The first Catholics in Kentucky came almost entirely from Maryland, including the William Coomes family and Dr. George Hart, who settled at Harrodsburg in 1775. Dr. Hart was one of the first physicians, and Mrs. Coomes conducted the first elementary school in Kentucky. The first Catholic colony, consisting of 25 families led by Basil Hayden, came in the spring of 1785 to establish the Pottinger Creek settlement, a few miles from Bardstown. Before Kentucky was admitted to the Union in 1792, there were at least six distinct colonies settled on the creeks in an arc around Bardstown. The first priest to be assigned to Kentucky by Bishop John Carroll was an Irish Franciscan, Charles Whelan, who, in the fall of 1787, accompanied a group from Maryland. A controversy over his salary, issuing in a court case, forced Whelan to leave Kentucky after two-and-a-half years of service. In 1791 Rev. William De Rohan arrived with a group from North Carolina. Under his direction, the Pottinger Creek Catholics built a log chapel, named variously Holy Cross and Sacred Heart, which was the first Catholic place of worship in Kentucky. However, his ministry, unauthorized by Carroll, soon met with many difficulties, and De Rohan was deprived of his faculties. Thereafter, he taught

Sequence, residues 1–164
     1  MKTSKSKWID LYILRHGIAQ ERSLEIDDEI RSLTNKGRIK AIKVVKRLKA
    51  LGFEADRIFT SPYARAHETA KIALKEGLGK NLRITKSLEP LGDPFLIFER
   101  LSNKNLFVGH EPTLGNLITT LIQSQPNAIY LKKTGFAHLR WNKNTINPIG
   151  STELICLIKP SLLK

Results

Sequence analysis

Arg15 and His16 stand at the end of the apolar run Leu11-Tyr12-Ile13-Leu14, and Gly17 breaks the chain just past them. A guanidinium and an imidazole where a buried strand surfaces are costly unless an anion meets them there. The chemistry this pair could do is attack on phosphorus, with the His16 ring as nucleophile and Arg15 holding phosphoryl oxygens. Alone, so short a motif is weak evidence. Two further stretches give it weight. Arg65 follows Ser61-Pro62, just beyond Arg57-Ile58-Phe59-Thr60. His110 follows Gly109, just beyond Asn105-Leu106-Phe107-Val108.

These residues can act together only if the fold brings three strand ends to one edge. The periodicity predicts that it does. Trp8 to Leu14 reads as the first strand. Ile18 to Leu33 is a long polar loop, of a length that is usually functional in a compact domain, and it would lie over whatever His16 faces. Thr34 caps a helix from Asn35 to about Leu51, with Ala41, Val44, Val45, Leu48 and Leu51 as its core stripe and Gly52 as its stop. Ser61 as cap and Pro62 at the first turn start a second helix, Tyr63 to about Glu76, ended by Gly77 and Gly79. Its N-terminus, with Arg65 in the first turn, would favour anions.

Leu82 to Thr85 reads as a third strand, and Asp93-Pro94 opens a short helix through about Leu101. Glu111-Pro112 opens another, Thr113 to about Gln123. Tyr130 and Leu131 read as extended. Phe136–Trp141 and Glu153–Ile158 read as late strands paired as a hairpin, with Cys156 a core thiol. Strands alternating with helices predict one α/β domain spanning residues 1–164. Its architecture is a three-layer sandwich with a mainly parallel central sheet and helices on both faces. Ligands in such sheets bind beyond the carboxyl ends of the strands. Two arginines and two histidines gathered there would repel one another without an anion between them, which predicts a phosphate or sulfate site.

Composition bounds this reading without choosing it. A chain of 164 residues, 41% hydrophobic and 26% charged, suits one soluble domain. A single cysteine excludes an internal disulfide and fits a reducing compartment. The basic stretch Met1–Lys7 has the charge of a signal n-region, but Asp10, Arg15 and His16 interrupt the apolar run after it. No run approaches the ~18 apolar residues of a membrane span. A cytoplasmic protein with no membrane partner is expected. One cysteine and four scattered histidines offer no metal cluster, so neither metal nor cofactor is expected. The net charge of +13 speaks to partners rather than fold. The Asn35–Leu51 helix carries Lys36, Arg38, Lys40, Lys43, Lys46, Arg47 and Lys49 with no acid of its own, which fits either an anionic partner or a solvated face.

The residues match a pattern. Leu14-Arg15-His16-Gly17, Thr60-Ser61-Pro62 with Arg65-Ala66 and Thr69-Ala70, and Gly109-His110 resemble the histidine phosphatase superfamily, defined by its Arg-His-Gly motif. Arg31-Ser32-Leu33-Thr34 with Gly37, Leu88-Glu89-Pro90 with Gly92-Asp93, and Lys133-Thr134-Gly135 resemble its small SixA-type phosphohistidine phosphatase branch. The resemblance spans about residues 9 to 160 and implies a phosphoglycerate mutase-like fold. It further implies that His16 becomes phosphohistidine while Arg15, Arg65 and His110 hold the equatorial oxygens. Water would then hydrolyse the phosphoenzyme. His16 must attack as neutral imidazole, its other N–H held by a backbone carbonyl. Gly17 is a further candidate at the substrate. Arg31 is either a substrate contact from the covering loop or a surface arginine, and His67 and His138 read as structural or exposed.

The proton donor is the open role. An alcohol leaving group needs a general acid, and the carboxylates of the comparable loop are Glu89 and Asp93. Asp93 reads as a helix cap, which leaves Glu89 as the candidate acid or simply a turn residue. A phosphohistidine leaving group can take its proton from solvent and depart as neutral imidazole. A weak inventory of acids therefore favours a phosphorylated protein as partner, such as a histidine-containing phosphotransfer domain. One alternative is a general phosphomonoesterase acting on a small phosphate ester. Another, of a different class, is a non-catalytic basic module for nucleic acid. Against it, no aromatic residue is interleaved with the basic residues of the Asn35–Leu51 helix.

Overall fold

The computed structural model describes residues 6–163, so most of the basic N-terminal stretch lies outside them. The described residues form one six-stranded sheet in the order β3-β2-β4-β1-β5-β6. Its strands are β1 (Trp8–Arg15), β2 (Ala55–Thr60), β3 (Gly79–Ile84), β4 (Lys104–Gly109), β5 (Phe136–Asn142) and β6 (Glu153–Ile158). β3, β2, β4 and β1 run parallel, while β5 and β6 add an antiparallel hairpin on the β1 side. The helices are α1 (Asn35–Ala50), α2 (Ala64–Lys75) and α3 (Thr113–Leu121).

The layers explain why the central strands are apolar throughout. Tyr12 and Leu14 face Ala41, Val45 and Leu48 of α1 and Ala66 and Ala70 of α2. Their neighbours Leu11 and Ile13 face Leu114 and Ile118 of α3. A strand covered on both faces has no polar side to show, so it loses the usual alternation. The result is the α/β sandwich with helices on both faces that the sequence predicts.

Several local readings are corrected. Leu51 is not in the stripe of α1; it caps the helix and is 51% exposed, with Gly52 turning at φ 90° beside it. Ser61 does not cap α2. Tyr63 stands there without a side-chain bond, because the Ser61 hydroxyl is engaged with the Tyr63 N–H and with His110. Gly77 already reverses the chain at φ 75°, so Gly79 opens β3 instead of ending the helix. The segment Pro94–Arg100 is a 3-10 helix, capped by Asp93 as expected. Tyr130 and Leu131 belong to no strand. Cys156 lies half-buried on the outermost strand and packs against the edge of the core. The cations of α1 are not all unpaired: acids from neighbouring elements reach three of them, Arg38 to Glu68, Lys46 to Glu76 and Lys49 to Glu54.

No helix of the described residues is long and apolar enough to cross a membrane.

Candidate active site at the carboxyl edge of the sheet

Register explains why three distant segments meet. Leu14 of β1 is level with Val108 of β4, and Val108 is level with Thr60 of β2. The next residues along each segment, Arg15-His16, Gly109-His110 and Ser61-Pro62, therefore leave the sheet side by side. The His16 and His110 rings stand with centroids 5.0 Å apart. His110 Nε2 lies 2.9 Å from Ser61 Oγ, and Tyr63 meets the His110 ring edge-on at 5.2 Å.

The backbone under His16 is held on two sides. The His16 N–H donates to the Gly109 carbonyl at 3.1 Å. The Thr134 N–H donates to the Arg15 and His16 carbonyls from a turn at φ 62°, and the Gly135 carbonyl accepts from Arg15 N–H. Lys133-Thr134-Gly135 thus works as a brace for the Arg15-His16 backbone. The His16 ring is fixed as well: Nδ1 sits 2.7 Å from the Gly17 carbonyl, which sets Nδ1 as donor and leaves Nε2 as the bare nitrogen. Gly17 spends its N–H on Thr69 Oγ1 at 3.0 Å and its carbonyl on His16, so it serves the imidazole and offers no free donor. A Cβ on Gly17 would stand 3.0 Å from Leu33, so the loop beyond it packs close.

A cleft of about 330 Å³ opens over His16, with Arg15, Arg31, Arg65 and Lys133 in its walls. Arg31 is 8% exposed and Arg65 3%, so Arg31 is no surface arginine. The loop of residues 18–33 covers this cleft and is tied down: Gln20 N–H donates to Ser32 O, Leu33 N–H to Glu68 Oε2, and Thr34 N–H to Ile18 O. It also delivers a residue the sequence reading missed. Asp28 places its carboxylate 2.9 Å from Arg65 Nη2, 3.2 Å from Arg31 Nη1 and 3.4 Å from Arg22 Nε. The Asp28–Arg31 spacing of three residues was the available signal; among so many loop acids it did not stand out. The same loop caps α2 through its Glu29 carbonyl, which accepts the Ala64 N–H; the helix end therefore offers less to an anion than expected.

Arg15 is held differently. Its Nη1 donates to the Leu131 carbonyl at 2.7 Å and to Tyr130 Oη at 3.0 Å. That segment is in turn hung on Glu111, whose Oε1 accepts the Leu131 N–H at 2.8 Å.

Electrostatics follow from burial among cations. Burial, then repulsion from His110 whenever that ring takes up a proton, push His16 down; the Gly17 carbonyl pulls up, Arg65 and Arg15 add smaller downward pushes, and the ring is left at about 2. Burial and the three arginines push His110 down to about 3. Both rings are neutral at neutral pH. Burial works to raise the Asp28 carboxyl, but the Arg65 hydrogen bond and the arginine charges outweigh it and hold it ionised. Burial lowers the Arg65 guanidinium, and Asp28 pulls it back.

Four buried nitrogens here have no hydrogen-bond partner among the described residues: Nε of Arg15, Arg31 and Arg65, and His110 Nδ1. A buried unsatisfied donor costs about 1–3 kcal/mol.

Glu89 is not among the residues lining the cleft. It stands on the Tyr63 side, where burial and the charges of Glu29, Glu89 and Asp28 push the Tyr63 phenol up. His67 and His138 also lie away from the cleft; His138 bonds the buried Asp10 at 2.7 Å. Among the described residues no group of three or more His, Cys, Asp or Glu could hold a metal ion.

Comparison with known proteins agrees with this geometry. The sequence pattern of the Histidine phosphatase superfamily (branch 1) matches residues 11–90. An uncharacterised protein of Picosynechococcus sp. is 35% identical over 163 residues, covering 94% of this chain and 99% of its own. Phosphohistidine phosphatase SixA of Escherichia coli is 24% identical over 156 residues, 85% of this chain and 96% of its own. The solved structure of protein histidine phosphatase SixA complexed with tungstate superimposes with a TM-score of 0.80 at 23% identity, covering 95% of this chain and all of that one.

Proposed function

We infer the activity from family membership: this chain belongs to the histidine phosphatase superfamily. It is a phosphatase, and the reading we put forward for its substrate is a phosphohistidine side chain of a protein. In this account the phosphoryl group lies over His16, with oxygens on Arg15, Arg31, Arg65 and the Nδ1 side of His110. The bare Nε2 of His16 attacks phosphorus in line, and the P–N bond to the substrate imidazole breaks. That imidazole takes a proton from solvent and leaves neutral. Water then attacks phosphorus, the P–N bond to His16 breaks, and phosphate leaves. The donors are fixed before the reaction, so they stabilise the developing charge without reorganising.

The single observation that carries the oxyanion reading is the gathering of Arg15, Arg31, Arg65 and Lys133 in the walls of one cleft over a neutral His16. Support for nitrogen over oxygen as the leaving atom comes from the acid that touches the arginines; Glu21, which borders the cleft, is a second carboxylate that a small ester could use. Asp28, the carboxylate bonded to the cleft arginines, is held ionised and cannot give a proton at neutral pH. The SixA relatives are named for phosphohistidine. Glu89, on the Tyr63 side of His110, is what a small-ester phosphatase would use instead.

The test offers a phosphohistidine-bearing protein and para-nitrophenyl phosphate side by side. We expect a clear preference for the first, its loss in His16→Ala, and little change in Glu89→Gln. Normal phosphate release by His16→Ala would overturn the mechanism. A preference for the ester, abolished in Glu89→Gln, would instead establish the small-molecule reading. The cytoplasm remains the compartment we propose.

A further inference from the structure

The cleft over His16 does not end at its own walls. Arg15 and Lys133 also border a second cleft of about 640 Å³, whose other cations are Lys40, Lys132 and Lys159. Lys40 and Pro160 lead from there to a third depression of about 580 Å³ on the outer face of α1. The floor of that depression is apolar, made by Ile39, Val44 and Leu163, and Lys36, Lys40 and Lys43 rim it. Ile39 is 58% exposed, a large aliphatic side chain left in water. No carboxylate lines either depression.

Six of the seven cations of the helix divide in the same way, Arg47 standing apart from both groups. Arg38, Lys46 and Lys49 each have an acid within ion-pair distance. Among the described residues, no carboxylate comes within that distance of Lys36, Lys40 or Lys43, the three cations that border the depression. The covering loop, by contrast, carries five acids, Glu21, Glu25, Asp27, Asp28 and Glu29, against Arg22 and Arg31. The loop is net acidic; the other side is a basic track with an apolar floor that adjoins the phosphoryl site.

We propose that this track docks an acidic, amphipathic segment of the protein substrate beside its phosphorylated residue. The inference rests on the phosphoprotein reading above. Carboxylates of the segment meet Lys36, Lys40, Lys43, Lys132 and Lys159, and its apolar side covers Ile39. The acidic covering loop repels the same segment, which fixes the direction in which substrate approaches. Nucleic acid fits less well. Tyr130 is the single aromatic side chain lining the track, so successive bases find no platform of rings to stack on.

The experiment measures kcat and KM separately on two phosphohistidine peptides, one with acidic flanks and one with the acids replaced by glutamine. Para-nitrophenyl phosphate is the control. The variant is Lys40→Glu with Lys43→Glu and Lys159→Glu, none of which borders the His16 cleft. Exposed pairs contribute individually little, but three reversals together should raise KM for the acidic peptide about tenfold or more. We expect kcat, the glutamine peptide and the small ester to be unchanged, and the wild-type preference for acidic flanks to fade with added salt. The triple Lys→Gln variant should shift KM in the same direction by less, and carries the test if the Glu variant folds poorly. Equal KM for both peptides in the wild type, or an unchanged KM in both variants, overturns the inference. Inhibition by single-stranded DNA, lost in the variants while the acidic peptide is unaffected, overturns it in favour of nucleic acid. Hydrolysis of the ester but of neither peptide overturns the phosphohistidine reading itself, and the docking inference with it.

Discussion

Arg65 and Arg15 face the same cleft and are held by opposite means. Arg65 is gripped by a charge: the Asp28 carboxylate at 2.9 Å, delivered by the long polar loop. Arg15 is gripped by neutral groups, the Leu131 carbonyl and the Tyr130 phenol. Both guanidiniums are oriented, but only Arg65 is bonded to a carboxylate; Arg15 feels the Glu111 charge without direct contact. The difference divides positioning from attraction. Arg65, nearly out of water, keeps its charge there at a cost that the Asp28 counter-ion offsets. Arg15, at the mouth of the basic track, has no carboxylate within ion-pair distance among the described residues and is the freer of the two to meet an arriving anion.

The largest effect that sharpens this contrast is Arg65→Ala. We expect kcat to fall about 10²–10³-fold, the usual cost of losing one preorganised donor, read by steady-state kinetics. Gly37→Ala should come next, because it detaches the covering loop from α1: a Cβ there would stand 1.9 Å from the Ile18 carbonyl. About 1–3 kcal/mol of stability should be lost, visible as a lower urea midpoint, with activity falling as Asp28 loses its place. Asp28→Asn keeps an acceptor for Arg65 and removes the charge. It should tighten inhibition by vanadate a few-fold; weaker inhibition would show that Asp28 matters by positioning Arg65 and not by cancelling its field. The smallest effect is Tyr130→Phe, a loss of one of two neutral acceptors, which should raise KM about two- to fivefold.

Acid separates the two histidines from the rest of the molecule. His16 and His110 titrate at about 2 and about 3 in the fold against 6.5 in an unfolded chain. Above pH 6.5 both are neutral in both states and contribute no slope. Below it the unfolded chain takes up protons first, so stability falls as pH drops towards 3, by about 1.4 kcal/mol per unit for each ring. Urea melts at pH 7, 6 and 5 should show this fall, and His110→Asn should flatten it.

in various Catholic settlement schools, and resided at St. Thomas Seminary, where he died in 1832.